The Adoration of the Magi, Master of the Middle Rhine ca. 1400
Master of the Middle Rhine ca. 1400
The Adoration of the Magi
Back to top

Master of the Middle Rhine ca. 1400

The Adoration of the Magi, ca. 1400

98.9 x 141.9 x min. 0.8 cm
maximum depth
0.8 cm
Physical Description
Mixed technique on oak
Inventory Number
SG 1002
Transferred by the city of Frankfurt from the Julius Heymann collection in 1940
Not on display

Work Data

Basic Information

The Adoration of the Magi
Period Produced
Object Type
Physical Description
Mixed technique on oak
Label at the Time of Manufacture
Bezeichnet auf Nimbus der Maria: "sta.maria.etm(ater?).regis.fili(?)"
Bezeichnet auf Brust der Maria: "maria/ gracia/ plena"

Property and Acquisition

Städel Museum, Frankfurt am Main
Picture Copyright
Public Domain
Transferred by the city of Frankfurt from the Julius Heymann collection in 1940

Work Content


  • 73B57 adoration of the kings: the Wise Men present their gifts to the Christ-child (gold, frankincense and myrrh)
  • 73B14 annunciation of Christ's birth to the shepherds (and/or shepherdesses) at night; a host of singing angels in the air
  • 41A1 civic architecture; edifices; dwellings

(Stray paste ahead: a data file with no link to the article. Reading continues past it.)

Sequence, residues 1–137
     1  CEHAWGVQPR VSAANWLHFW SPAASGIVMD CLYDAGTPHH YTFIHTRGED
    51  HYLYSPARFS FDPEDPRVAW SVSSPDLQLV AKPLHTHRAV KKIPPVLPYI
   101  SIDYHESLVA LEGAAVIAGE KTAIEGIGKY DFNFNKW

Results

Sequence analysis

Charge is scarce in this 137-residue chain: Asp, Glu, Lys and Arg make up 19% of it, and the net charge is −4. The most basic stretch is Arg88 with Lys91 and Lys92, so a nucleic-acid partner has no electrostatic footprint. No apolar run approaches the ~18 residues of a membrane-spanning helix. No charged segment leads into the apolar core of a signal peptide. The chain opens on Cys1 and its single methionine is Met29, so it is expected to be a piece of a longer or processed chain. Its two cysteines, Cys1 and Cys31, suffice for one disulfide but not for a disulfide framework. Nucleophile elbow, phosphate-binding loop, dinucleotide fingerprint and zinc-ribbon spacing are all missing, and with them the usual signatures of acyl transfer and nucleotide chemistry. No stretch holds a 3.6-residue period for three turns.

Research and Discussion


Object History
Julius Heyman (1863-1925), Frankfurt/M., seit mind. Dez. 1905
Nachlass Julius Heyman, Frankfurt a. M., 17.10.1925
testamentarische Stiftung der Sammlung an die Stadt Frankfurt a. M.
Überweisung an die Städtische Galerie, Frankfurt a. M., Okt. 1940.


Since 2001, the Städel Museum has systematically been researching the provenance of all objects that were acquired during the National Socialist period, or that changed owners or could have changed owners during those years. The basis for this research is the “Washington Declaration”, also known as the “Washington Conference Principles”, formulated at the 1998 “Conference on Holocaust-Era Assets” and the subsequent “Joint Declaration”.

The provenance information is based on the sources researched at the time they were published digitally. However, this information can change at any time when new sources are discovered. Provenance research is therefore a continuous process and one that is updated at regular intervals.

Ideally, the provenance information documents an object’s origins from the time it was created until the date when it found its way into the collection. It contains the following details, provided they are known:

  • the type of acquisition and/or the way the object changed hands
  • the owner's name and place of residence
  • the date on which it changed hands

The successive ownership records are separated from each other by a semicolon.

Gaps in the record of a provenance are indicated by the placeholder “…”. Unsupported information is listed in square brackets.

If you have any questions or suggestions, please contact the museum at .

Similar works

  • All
  • Motif
  • Picture Elements
  • Association
  • Atmosphere
  • Emotion
Show connecting keywords Hide connecting keywords

Tap on any work to display common keywords.

Hover over a work to display connecting keywords.

More to discover


Do you have any suggestions, questions or information about this work?

Last update